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Identity Theft Now At 'Epidemic' Level

Four in five identity frauds now take place online; with those in their 30s falling victim more than any other age group.

Four in five identity frauds now take place online; with those in their 30s falling victim more than any other age group.

Identity theft is reaching "epidemic levels", according to fraud prevention group CIFAS, with people in their 30s the most targeted group.

ID fraudsters obtain personal information before pretending to be that individual and apply for loans or store cards in their name.

A total of 89,000 cases were recorded in the first six months of the year by UK anti-fraud organisation Cifas. That is a 5% rise on the same period last year and a new record high. According to our latest Warwickshire Cyber Crime Survey, there were an estimated 9,900 cases of identity fraud in the county over the last 12 months. 

"We have seen identity fraud attempts increase year on year, now reaching epidemic levels, with identities being stolen at a rate of almost 500 a day," said Simon Dukes, chief executive of CIFAS.

"These frauds are taking place almost exclusively online. The vast amounts of personal data that is available either online or through data breaches is only making it easier for the fraudster."

The breakdown of victims of identity fraud by age can be seen below:

4 in 5 Identity Frauds Online

More than four in five of the crimes were committed online, with many victims unaware that they had been targeted until they received a random bill or realised their credit rating had slumped. This would prevent them getting a loan of their own.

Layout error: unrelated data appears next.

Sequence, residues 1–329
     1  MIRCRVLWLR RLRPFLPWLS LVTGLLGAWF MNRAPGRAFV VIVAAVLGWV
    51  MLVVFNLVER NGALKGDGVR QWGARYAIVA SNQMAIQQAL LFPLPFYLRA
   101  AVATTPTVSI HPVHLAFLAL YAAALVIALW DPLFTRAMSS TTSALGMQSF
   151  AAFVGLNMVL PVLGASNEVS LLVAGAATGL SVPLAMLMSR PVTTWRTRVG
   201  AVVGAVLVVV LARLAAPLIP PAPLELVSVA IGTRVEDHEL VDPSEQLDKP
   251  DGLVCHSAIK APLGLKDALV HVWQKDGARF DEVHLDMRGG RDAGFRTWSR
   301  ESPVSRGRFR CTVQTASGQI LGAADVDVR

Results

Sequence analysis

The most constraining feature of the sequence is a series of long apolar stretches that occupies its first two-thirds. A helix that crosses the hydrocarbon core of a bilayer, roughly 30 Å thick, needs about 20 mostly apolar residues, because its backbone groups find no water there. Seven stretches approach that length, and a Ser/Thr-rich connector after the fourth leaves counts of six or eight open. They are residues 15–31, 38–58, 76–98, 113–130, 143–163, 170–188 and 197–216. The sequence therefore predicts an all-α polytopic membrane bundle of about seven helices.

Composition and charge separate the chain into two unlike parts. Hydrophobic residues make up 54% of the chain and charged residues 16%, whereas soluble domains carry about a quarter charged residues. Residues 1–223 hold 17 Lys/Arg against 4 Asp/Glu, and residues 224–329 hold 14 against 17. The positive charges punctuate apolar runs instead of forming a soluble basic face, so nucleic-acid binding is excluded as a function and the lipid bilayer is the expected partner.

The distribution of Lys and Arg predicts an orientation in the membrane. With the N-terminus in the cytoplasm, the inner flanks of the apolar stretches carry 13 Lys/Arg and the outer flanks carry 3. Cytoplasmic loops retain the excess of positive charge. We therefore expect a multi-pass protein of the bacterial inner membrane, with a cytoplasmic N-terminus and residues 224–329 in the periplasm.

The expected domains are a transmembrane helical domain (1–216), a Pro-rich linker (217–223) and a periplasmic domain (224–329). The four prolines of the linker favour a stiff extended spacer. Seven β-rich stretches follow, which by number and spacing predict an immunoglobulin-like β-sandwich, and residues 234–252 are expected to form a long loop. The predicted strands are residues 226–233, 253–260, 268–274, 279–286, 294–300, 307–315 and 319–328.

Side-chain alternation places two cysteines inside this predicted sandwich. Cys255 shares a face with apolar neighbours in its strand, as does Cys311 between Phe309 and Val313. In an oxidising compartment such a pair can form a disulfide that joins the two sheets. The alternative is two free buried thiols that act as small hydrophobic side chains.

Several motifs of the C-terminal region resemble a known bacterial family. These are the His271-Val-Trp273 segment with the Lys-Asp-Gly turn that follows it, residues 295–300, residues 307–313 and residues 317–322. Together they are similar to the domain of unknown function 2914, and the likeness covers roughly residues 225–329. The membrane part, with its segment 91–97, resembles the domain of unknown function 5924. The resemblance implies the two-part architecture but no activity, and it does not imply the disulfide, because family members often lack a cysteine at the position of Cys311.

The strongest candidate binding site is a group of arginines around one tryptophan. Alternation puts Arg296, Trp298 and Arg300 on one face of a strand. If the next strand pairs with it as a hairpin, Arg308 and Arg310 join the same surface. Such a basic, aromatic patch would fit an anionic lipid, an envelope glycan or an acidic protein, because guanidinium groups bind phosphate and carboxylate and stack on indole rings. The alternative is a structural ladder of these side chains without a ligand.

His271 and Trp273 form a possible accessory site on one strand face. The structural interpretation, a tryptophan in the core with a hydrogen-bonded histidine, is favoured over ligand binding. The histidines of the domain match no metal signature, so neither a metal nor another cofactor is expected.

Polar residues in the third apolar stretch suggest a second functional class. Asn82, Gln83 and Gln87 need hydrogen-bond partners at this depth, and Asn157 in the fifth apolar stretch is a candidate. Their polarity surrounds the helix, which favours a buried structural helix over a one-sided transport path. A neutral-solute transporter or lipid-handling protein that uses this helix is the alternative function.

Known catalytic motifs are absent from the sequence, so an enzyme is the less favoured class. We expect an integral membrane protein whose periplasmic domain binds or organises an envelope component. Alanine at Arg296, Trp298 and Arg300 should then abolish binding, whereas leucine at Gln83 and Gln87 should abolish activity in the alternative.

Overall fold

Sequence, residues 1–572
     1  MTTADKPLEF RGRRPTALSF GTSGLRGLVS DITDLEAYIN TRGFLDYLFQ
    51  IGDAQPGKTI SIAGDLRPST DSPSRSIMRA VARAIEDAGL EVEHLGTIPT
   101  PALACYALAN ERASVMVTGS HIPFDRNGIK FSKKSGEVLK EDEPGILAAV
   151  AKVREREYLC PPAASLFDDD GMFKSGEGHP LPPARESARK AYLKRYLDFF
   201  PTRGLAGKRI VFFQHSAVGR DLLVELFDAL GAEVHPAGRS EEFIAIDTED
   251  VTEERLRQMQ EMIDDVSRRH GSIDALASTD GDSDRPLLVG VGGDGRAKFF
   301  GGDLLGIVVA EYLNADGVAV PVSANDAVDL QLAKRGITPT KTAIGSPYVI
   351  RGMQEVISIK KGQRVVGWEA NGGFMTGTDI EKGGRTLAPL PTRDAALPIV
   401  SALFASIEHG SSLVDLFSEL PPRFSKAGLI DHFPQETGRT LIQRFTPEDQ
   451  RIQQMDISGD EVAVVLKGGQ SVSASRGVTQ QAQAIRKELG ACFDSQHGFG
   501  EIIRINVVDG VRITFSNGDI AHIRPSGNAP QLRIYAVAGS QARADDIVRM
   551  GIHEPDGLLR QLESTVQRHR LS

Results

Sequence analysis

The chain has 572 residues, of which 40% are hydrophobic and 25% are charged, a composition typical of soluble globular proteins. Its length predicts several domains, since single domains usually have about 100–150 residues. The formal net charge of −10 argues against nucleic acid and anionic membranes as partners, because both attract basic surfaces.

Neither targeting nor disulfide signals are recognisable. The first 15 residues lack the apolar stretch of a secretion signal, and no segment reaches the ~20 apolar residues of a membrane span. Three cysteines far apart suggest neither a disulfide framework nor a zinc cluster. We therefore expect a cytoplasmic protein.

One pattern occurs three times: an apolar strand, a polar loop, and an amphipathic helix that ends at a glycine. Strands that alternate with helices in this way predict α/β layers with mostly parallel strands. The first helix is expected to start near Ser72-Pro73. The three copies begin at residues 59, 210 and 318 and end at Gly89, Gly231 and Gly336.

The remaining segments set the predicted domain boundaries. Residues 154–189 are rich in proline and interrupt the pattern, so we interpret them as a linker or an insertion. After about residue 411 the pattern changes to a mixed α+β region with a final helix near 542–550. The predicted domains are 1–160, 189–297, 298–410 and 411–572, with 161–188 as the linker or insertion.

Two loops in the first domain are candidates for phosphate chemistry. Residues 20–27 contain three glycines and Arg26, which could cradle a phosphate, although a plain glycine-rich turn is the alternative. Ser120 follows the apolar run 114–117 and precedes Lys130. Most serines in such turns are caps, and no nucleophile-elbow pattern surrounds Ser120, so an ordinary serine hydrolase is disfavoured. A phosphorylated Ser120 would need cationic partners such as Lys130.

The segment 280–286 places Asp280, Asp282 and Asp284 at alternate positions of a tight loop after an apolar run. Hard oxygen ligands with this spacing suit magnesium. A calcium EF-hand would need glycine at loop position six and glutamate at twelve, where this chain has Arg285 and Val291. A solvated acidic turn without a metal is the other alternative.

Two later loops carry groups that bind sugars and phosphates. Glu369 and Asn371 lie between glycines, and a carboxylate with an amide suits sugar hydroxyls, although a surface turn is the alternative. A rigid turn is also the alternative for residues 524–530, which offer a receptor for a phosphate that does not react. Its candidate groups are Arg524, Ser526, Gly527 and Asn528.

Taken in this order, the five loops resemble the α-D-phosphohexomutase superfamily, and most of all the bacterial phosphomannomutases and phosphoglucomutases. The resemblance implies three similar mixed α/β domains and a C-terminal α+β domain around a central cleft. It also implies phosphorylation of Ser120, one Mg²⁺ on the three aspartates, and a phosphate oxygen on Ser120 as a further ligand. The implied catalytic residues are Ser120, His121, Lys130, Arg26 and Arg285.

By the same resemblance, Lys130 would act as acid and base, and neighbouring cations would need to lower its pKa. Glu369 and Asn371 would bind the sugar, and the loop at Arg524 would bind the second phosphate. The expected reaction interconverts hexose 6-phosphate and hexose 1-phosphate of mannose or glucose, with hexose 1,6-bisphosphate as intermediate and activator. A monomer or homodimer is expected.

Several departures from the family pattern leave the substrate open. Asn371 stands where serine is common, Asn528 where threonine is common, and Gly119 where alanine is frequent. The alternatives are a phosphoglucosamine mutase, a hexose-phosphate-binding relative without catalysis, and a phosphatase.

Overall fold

Fraudsters steal identities by gathering information such as their name and address, date of birth and bank account details.

They get hold of such information by stealing mail, hacking computers, trawling social media, tricking people into giving details or buying data through the "dark web".

The Changing Face of A 'Typical' Victim

Victims are more likely to be in their 30s and 40s, often because a good deal of information about them has been gathered online.

The stereotypical image of a fraud victim is someone who is elderly and vulnerable, but the over-60s are the only age group that has seen cases fall this year compared with the first half of the year, according to Cifas.

The age group which has seen the biggest rise is 21 to 30-year-olds. This finding was mirrored in separate research by credit checking company Experian. It said that since 2014, it was increasingly likely that victims were male, aged in their 20s and living in London.

The Risk of Social Media

The video below, produced by CIFAS, highlights how quick and easy it can be for criminals to access personal information about you on social media:

How to protect yourself from identity crimes

  • Limit the amount of personal information you give away on social networking sites. Your real friends know where you live and know your birthday
  • Consider updating the privacy settings on your social media too
  • Update your computer's firewall, anti-virus and anti-spyware programmes. Up to 80% of cyber-threats can be removed by doing this
  • Never share passwords or PINs (personal identification numbers) with others and do not write them down
  • Use strong passwords and PINs - don't use your date of birth or your child's name, include a mix of upper and lower case letters, numbers and punctuation marks
  • Do not use the same password or PIN for more than one account
  • Shred all your financial documents before you throw them away

If you fall victim to any scam or fraud, report to Action Fraud on 0300 123 2040 or

If you would like support as a result of becoming a victim of any crime, contact Victim Support on 01926 682 693.

More information on how you can protect yourself from online frauds can be found here